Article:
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John Corigliano’s The Red Violin Concerto

John Corigliano is widely considered one of the leading American composers of his generation, which includes such luminaries as Morten Lauridsen, Terry Riley, and Ned Rorem. Commentators have characterized his style as “highly expressive,” “compelling,” and “kaleidoscopic.” In addition to … Continue reading

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Benjamin Britten’s Death In Venice

Many consider Benjamin Britten the most important British composer since World War II; indeed, some think him the most important since Henry Purcell. Although often thought an uneven composer, most writers in the area concede that his operas Peter Grimes, … Continue reading

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Arvo Pärt’s Da Pacem

The music of Arvo Pärt, one of the best known contemporary composers, is something I’ve always found attractive. From my first recording of Passio, which was, believe it or not, my beach music for a whole summer way back when, … Continue reading

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Mark Turner & Ethan Iverson’s Temporary Kings

I was sad and a little concerned in 2017 when pianist Ethan Iverson left The Bad Plus, the modern jazz trio he helped found nearly 20 years ago. Not to worry, though. He left that ensemble in good hands with … Continue reading

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Philip Glass’ Symphony No. 7, “Toltec”

Philip Glass was invited to compose a work for conductor Leonard Slatkin’s 60th birthday season with the National Symphony Orchestra in 2005; the result was the Symphony No. 7, “A Toltec Symphony”, based on the wisdom tradition of the ancient … Continue reading

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Tim Clement and Kim Deschamps’ Wolf Song Night

Classifying things seems to be, for some reason, a basic human need. And it is axiomatic that our systems for classification have built-in limits and conceptual gaps: Archaeopteryx lithographica is, therefore, a bird. And Wolfsong Night, a collaboration between Tim … Continue reading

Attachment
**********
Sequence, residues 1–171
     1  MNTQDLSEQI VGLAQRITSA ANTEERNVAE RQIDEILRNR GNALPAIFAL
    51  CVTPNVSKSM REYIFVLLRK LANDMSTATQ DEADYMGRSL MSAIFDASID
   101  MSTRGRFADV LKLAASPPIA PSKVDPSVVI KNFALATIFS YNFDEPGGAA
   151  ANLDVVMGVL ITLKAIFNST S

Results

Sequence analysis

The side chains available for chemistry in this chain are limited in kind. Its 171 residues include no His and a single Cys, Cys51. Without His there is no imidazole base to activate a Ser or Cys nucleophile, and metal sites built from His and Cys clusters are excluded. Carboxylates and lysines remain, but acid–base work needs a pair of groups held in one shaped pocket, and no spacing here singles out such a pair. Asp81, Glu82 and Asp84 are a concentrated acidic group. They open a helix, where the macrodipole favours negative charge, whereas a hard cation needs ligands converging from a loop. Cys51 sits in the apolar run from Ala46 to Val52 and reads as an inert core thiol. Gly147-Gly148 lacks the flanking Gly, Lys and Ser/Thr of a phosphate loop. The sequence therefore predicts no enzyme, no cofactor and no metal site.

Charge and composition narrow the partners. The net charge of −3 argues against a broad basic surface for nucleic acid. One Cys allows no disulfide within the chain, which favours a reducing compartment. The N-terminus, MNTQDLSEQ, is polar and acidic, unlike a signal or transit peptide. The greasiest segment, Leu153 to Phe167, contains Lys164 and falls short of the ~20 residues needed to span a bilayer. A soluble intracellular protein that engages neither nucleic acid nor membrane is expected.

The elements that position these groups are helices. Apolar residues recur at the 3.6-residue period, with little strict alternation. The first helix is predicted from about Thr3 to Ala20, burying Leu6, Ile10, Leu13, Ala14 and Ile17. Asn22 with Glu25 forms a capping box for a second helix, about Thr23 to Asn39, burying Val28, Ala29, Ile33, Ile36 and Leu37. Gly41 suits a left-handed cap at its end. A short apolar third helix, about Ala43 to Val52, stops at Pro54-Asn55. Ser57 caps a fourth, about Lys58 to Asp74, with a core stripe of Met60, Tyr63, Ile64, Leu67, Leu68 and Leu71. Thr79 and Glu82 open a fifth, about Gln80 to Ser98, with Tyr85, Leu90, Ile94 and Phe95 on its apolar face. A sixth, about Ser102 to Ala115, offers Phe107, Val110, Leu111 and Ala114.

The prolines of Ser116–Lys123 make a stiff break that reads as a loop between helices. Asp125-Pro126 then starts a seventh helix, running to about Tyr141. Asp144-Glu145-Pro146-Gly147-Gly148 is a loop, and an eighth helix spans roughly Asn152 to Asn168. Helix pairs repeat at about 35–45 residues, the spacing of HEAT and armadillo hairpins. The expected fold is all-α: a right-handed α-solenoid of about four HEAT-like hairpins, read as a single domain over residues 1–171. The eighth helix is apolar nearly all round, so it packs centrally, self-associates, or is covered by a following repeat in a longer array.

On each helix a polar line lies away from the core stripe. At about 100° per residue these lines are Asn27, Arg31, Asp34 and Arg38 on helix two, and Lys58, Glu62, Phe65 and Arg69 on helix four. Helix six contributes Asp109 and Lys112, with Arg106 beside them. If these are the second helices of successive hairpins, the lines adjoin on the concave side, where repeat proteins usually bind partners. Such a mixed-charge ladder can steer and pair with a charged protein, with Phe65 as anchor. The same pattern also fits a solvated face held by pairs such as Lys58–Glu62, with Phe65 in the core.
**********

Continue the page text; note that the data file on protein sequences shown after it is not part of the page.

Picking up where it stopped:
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Olivier Greif’s Sonate de Requiem, Trio avec piano

Olivier Greif was one of those musicians: he entered the Paris Conservatory at age ten, and in 1967, at the age of seventeen, won the first prize for composition. The bulk of his output is chamber music, largely sonatas for … Continue reading

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Harold Budd’s Lovely Thunder

Harold Budd is one of those composer/performers who pops up periodically and wanders around like a medieval jongleur just doing his thing and collaborating with everyone. Noted for his piano improvisations, he has worked with the Cocteau Twins and Brian … Continue reading

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Steve Tibbetts’ Life Of

If you’re looking for a deeply contemplative album of meditative music, look no further than Steve Tibbetts’ Life Of. As with much of the Minnesota-based guitarist’s body of work, his latest release draws on world, ambient, jazz and experimental musics, … Continue reading

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Terry Riley’s Cadenza on the Night Plain

Cadenza on the Night Plain (the disc, not the work of that title) presents four of Terry Riley’s works for string quartet, works that, if your only acquaintance with Riley has been pieces on the order of In C or … Continue reading

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Nik Bärtsch’s Ronin, Awase

I was immediately smitten by the music of Nik Bärtsch when I first heard it via Continuum, the 2016 ECM release from his all-acoustic project Mobile, and a show I saw from that tour was probably my favorite from that … Continue reading

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Kristjan Randalu’s Absence

About two minutes into “Forecast 1,” the first track of Kristjan Randalu’s Absence, the Estonian pianist takes a brief pause after a gently improvised introduction, then leaps into a Lisztian whirlwind of arpeggios and it seems this is going to … Continue reading

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Ugasanie’s Border of Worlds

Ugansie is the name under which Russian musician Pavel Malyshkin creates his art, which is called dark polar ambient. Border of Worlds is his fourth release since he started making this kind of music in 2010. This one is focused … Continue reading